Additional reporting and writing by Margarita Antidze; Editing by Angus MacSwan

Putin: First Soviet government was mostly Jewish

Russian President Vladimir Putin said that at least 80 percent of the members of the first Soviet government were Jewish.

“I thought about something just now: The decision to nationalize this library was made by the first Soviet government, whose composition was 80-85 percent Jewish,” Putin said June 13 during a visit to Moscow’s Jewish Museum and Tolerance Center.

Putin was referencing the library of Rabbi Joseph I. Schneerson, the late leader of the Chabad-Lubavitch movement. The books, which are claimed by Chabad representatives in the United States, began being moved to the museum in Moscow this month.

According to the official transcription of Putin’s speech at the museum, he went on to say that the politicians on the predominantly Jewish Soviet government “were guided by false ideological considerations and supported the arrest and repression of Jews, Russian Orthodox Christians, Muslims and members of other faiths. They grouped everyone into the same category.

“Thankfully, those ideological goggles and faulty ideological perceptions collapsed. And today, we are essentially returning these books to the Jewish community with a happy smile.”

Widely seen as the first Soviet government, the Council of People’s Commissars was formed in 1917 and comprised 16 leaders, including chairman Vladimir Lenin, foreign affairs chief Leon Trotsky and Joseph Stalin, who was in charge of the People’s Commissariat of Nationalities.

Sharansky wins second term as head of Jewish Agency

Natan Sharansky was elected to a second term as chairman of the Executive of the Jewish Agency for Israel.

Sharansky won four more years in the vote Tuesday by the Jewish Agency Board of Governors, which is meeting in Jerusalem.

A day earlier, Israeli Prime Minister Benjamin Netanyahu had called on the board to reappoint Sharansky, calling him a “symbol of Jewish unity and a symbol of the triumph of the Jewish people over adversity.”

Sharansky was a Soviet dissident who was incarcerated for nine years. After his release in 1986, he immigrated to Israel, where he was reunited with his wife, Avital. He served as a member of the Knesset for nine years and as a minister in several government departments, as well as deputy prime minister.

As head of the Jewish Agency, Sharansky has worked to strengthen relations between Israel and Diaspora Jewry.

In December, Netanyahu asked Sharansky to study the situation at the Western Wall and offer recommendations to the government on how to make the site more accommodating to all Jews.

Sharansky said Tuesday during a session at the Board of Governors meeting that he will not present recommendations on women's prayer at the Wall until a new government coalition is in place, Haaretz reported.

Kennedy seen as giant on domestic issues, Soviet Jewry

U.S. Sen. Edward Kennedy (D-Mass.) is being remembered in the Jewish community for his huge impact on domestic issues such as education and health care, but also as a giant in the Soviet Jewry movement.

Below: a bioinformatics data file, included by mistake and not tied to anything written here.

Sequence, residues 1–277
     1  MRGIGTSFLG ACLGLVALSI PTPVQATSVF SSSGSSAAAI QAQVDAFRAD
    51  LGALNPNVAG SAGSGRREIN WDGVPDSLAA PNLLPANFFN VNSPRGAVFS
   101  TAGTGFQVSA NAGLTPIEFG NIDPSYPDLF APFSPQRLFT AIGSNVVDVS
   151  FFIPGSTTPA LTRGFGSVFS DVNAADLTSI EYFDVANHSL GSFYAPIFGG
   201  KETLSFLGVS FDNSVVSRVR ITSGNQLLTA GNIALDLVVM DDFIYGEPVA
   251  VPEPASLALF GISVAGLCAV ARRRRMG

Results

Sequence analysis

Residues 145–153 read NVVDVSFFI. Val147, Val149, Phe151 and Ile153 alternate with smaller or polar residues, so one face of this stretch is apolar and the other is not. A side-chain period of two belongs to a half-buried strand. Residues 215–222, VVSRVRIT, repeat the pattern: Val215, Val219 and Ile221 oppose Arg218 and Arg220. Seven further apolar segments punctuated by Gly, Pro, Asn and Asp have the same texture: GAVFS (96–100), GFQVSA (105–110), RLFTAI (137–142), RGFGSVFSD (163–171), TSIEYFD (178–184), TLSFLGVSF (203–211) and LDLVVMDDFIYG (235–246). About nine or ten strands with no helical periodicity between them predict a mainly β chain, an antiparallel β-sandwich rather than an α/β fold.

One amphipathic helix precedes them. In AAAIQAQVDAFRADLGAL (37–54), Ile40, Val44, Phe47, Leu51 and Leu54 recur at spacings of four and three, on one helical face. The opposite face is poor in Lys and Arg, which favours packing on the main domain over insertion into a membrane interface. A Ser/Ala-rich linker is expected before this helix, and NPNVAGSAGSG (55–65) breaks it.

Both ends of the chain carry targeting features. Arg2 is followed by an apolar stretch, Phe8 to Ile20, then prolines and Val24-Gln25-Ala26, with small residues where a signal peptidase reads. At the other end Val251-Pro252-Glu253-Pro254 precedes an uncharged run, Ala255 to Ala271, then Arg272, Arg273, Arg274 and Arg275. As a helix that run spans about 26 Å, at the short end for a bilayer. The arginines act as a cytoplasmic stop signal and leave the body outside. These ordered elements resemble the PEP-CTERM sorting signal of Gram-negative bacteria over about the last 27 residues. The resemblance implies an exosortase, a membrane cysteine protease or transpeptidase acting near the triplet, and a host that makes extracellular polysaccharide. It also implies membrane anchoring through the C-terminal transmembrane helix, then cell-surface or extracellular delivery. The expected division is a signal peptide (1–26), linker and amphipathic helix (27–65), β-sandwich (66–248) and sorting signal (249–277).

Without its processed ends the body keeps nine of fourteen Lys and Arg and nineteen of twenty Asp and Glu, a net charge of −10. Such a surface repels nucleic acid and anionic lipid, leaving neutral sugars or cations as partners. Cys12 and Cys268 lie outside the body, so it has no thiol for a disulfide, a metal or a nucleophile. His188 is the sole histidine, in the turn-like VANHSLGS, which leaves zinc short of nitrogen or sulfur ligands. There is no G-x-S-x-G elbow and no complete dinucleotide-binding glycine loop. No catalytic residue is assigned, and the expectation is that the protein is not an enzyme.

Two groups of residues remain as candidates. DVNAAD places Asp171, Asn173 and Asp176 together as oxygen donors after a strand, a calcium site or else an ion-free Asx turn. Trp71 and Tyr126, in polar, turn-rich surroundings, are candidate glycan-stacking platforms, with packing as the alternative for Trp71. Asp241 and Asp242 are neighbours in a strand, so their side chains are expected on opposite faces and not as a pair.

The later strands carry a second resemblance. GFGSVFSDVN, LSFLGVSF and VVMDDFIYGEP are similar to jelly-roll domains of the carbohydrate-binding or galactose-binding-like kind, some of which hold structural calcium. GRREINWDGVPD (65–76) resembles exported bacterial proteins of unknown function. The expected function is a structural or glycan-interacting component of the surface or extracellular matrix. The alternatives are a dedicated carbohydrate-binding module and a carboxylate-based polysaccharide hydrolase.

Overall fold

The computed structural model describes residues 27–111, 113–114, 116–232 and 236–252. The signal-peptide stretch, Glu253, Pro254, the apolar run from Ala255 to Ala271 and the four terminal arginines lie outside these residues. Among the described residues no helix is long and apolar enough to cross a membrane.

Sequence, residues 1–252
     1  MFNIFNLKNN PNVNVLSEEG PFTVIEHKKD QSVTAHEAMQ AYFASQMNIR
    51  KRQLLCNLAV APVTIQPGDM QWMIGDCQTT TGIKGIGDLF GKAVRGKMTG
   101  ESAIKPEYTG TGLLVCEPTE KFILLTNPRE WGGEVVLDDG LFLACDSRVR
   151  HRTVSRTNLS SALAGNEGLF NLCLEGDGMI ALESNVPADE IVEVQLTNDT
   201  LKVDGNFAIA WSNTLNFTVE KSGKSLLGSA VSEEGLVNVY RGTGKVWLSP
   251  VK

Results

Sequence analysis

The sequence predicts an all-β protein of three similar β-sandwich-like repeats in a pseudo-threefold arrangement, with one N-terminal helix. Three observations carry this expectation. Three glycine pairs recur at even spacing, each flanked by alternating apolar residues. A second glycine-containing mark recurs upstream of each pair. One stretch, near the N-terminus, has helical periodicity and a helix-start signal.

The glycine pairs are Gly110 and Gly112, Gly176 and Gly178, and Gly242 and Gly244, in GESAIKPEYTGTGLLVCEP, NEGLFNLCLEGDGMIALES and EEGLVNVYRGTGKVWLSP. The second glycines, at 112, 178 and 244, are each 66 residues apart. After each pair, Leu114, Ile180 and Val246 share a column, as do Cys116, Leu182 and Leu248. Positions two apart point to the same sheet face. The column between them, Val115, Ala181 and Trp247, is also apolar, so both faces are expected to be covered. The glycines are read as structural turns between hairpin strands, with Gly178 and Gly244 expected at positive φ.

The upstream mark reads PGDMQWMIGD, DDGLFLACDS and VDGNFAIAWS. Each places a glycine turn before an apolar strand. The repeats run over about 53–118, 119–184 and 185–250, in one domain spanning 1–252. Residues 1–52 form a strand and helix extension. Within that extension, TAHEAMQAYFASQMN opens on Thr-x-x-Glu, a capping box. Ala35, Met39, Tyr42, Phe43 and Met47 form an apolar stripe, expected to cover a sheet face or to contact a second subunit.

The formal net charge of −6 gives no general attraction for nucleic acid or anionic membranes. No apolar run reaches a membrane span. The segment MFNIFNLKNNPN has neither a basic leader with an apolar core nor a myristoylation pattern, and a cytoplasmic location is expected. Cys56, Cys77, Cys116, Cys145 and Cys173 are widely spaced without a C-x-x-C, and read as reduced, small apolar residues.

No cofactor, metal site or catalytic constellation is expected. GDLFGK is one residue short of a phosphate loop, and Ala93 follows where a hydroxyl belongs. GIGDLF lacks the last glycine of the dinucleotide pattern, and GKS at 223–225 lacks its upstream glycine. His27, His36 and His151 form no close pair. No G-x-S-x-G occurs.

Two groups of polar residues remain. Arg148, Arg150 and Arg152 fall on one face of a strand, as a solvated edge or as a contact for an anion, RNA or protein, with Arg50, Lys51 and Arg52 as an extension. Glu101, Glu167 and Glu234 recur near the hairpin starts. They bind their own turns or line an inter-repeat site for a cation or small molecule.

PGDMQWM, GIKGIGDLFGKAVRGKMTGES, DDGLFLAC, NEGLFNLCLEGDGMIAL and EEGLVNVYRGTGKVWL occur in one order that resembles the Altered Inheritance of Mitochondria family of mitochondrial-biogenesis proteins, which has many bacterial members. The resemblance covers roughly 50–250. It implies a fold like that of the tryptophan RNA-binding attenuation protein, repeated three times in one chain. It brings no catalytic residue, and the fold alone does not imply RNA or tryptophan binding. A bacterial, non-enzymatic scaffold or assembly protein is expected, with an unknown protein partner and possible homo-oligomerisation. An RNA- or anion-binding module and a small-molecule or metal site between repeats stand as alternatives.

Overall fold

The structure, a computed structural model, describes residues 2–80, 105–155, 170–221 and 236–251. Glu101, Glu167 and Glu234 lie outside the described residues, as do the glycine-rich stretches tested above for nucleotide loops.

Kennedy “was one of the earliest, strongest champions on behalf of Soviet Jewry,” said Mark Levin, executive director of NCSJ: Advocates on Behalf of Jews in Russia, Ukraine, the Baltic States & Eurasia. “He was always proactive and didn’t wait for NCSJ and other organizations to come to him—he was always looking to see where he could make a difference.”

In his 2006 book, “The Case for Democracy: The Power of Freedom to Overcome Tyranny and Terror,” Natan Sharansky specifically mentions Kennedy as the first Western politician to meet with refuseniks “in a midnight meeting that was kept secret from the KGB until the very last moment.”

And Levin noted that whenever Kennedy met with Soviet officials, in Washington or in the Soviet Union, he would bring lists of those he wanted to see released.

“He never forgot we were talking about individuals and families,” Levin said.

Kennedy also will be remembered as a strong champion of Israel. Jewish organizational officials noted that he was a stalwart supporter of foreign aid, opposed arms sales to Jordan and Saudi Arabia in the early 1980s, and was a strong backer of recognizing Jerusalem as the capital of Israel. He also publicly rebuked President George H.W. Bush when he linked settlements to U.S. loan guarantees for the emigration of Soviet Jews, and was a leading voice in speaking out against the Arab boycott of Israel.

Israeli official rushed to praise Kennedy, with Prime Minister Benjamin Netanyahu calling the senator “an American patriot” and “a great friend of Israel,” according to media reports.

And Israeli President Shimon Peres said Kennedy’s death was “a very big loss to every sensitive and thinking person the world over.”

“Kennedy was a clear friend of Israel the whole way, and in every place that he could help us he did help,” he added.

The late senator drew praise from a broad range of Jewish organizations, including both the Orthodox Union and the Religious Action Center of Reform Judaism. They noted that he had worked on a vast array of domestic issues over his 47 years on Capitol Hill, from religious liberty bills such as the Religious Freedom Restoration Act, to his efforts on children’s health insurance.

In a statement, the president of the National Council of Jewish Women, Nancy Ratzan, said: “We were honored to work by his side on so many critical issues: Family and Medical Leave, the Lilly Ledbetter Act, the Civil Rights Act, Voting Rights, the Americans with Disability Act, hate crimes prevention, the Employment Non-Discrimination Act, the Freedom of Access to Clinic Entrances Act, health care, the increase in the minimum wage, and numerous judicial nominations—to name a few.”